With the start of the new year upon us, as we do every year we take a look back on monthly stories in North Kingstown from the last year.
January – Investigations were ongoing into allegations against high school basketball coach Aaron Thomas, who in 2021 was accused of inappropriate sexual contact with students while giving so-called body fat tests. The school district’s superintendent, assistant superintendent and athletic director all left their positions at various points during the year after reports from investigators revealed the extent to which district officials were aware of misconduct allegations prior to them becoming public. Criminal charges were filed against Thomas in July. He pleaded not guilty and has denied allegations of misconduct.
February – Investigations were announced into a claim of “stolen valor” by North Kingstown VFW Commander Sarah Cavanaugh. Cavanaugh, who had represented herself as a US Marine Corps combat veteran, resigned her position with the local post on Jan. 31 and days later a federal investigation was opened on her claims. She was later charged with felony fraud and pleaded guilty in August.
March – The town council, in order to make property tax rates equitable between commercial property and residential property instituted a Homestead Exemption, which reduced residential property taxes by 5 percent. Because a revaluation of all real property in the town conducted in the prior year, reduced the valuation of commercial property, those owners ended up paying less in taxes than those who own private property. To even things out, the town council set up the Homestead Exemption, which will continue this year, with town manager Ralph Mollis saying that when the town’s operating budget is finalized, he expects private property owners who are accepted into the program to once again see their rates reduced by 5 percent.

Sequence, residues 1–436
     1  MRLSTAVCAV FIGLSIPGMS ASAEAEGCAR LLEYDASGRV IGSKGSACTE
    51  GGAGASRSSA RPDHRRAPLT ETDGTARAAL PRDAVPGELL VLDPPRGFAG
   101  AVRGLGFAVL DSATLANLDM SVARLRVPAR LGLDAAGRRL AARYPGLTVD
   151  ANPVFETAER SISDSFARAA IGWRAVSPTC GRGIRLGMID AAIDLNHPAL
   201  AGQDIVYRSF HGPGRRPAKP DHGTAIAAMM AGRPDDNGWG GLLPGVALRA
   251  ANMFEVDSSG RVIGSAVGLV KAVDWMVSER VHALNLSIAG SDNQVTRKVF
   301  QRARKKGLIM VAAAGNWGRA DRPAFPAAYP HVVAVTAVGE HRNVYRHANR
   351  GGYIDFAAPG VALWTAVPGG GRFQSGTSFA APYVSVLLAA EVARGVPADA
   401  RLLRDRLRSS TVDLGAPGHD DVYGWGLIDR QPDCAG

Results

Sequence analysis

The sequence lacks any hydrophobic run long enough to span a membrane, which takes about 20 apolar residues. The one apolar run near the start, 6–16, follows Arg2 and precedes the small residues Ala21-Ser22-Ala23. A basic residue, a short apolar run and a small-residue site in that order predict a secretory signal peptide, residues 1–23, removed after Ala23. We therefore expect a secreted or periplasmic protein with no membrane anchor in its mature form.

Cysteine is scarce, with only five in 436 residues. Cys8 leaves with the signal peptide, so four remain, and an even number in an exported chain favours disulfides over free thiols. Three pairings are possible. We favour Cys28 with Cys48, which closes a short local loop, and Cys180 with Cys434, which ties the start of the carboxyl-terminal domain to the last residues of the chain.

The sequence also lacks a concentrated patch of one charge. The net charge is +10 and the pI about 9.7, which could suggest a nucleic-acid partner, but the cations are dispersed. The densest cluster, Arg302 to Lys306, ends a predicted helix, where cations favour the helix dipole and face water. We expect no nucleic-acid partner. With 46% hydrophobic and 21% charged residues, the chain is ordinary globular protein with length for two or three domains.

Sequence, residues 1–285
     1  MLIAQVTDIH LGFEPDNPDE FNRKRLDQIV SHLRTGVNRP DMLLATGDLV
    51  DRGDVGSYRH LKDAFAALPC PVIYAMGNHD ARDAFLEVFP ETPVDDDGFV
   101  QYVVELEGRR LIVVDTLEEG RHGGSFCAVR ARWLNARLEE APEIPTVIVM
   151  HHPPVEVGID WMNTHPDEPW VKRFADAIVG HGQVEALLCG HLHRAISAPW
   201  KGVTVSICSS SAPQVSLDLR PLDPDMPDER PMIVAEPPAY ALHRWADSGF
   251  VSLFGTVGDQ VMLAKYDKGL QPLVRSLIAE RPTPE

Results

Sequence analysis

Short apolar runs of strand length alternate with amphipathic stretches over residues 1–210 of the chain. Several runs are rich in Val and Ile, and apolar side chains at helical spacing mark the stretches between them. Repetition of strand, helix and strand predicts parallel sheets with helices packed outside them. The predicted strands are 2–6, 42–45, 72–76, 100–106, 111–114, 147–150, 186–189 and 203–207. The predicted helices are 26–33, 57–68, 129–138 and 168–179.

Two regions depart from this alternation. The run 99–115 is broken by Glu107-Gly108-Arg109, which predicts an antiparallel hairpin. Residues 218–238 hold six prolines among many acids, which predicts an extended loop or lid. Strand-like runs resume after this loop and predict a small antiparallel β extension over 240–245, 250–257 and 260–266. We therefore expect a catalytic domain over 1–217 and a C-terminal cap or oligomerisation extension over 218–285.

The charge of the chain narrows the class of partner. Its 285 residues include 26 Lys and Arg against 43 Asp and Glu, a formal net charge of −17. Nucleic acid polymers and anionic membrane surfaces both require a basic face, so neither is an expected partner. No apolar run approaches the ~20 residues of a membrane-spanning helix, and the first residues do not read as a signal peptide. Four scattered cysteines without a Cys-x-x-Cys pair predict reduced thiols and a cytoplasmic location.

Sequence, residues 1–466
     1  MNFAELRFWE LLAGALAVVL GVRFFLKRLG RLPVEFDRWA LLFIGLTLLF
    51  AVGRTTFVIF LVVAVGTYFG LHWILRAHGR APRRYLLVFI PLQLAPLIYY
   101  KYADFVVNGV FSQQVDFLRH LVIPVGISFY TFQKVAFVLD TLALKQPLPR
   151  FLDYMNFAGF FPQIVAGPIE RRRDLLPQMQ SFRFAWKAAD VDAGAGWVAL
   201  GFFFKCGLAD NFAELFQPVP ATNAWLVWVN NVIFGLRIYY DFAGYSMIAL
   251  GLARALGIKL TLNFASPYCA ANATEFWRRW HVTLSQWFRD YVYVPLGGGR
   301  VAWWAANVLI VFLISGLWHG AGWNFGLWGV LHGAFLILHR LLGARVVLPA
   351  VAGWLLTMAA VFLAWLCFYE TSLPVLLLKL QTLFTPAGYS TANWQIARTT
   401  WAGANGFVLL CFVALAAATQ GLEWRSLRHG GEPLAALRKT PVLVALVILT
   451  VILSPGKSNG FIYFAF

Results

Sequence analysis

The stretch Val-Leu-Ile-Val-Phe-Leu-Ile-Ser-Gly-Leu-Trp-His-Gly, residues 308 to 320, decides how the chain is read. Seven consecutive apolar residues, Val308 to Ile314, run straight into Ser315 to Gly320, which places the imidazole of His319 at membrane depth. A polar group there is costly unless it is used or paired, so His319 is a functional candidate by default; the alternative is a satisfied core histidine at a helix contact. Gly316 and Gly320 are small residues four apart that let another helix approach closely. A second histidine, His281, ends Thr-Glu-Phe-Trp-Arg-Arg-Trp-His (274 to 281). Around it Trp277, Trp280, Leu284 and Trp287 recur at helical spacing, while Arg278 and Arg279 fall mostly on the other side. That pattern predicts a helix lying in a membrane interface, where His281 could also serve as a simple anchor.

April – The town was selected to be the site of the state’s annual Arbor Day celebration. It was held at Wilson Park and a host of local and state dignitaries turned out. As part of the celebration also received 12 trees to plant at the park.
May – This month and throughout the rest of the summer and into the fall, businesses in the Village of Wickford suffered, as did businesses in the rest of the country, as supply shortages affected their ability to stock shelves. Ships carrying goods from China and other countries were not making it into the United States to resupply the retail market. There are still some slowdowns in deliveries, although retailers report outstanding sales during the holiday shopping season.
June – The North Kingstown Free Public Library received a grant, administered through the state’s Library Association that enabled the refurbishing the place with new carpet, shades, desks, and computers.
July – The annual Art Festival was once a huge success as art lovers and tourists descended on the village to check out work from local and nation-wide artists. It was also the month that Wickford was recognized as one of the Best Small Towns in America.
August – School kids and staff members continue to suffer from mental health concerns, according to the East Greenwich Substance Abuse Coordinator Robert Houghtaling. School district officials, during the pandemic worked to help students and staffers overcome their concerns, but Houghtaling has said more still needs to be done.
September – The town council, as happened on numerous occasions, split along party lines in selecting Robert Case to replace Jake Mathers, who resigned, from the North Kingstown School Committee. The GOP wanted one candidate but the majority Democrats chose one of their own, Robert Case, to fill the vacant seat.
October – Few towns in the nation can top North Kingstown’s Halloween celebration as surf board paddling and dancing witches came to the Village of Wickford as did hundreds of tourists, making for a vibrant and lively Halloween.
November – Elections topped the stories for this month, as North Kingstown voters approved a ballot measure allowing recreational pot stores in town. Voters also cast ballots that returned all of the Democrat council members to office and voted to replace Republican Mary Brimer and Kerry McKay with democrats. Voters also cast ballots to put Democrats and independents on the town’s school committee.
December – Much like few other towns can beat Wickford when it comes to Halloween, they also do a pretty good job of celebrating the Christmas season, with an Elf Parade, as well as most of the shops in town handing out treats to Trick or Treaters.